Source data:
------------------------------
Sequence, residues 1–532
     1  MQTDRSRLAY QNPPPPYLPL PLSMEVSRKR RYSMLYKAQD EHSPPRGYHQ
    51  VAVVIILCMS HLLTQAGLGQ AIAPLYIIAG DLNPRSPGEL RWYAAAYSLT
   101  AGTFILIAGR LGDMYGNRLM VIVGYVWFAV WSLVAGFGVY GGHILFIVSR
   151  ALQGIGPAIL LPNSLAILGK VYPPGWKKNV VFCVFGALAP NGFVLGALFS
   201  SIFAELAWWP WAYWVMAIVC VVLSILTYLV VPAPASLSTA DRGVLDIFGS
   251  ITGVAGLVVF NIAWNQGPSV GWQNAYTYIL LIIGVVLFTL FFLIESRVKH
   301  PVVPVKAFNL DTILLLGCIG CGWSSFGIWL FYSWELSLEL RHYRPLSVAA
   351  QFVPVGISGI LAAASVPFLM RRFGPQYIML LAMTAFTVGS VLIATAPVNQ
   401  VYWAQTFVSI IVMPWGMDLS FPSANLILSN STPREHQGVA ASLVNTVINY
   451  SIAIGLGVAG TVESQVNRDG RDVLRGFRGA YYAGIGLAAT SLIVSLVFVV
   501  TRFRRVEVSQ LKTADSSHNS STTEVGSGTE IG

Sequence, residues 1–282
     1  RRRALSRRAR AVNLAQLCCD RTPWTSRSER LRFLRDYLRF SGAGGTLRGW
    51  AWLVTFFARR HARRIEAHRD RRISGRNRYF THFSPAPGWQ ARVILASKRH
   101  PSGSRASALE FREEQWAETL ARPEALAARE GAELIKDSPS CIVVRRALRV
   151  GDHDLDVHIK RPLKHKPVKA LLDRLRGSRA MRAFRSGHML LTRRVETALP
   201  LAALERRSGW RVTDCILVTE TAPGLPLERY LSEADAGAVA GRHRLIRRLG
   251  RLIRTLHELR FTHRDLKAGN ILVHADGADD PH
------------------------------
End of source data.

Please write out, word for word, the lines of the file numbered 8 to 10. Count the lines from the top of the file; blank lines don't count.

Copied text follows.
   301  PVVPVKAFNL DTILLLGCIG CGWSSFGIWL FYSWELSLEL RHYRPLSVAA
   351  QFVPVGISGI LAAASVPFLM RRFGPQYIML LAMTAFTVGS VLIATAPVNQ
   401  VYWAQTFVSI IVMPWGMDLS FPSANLILSN STPREHQGVA ASLVNTVINY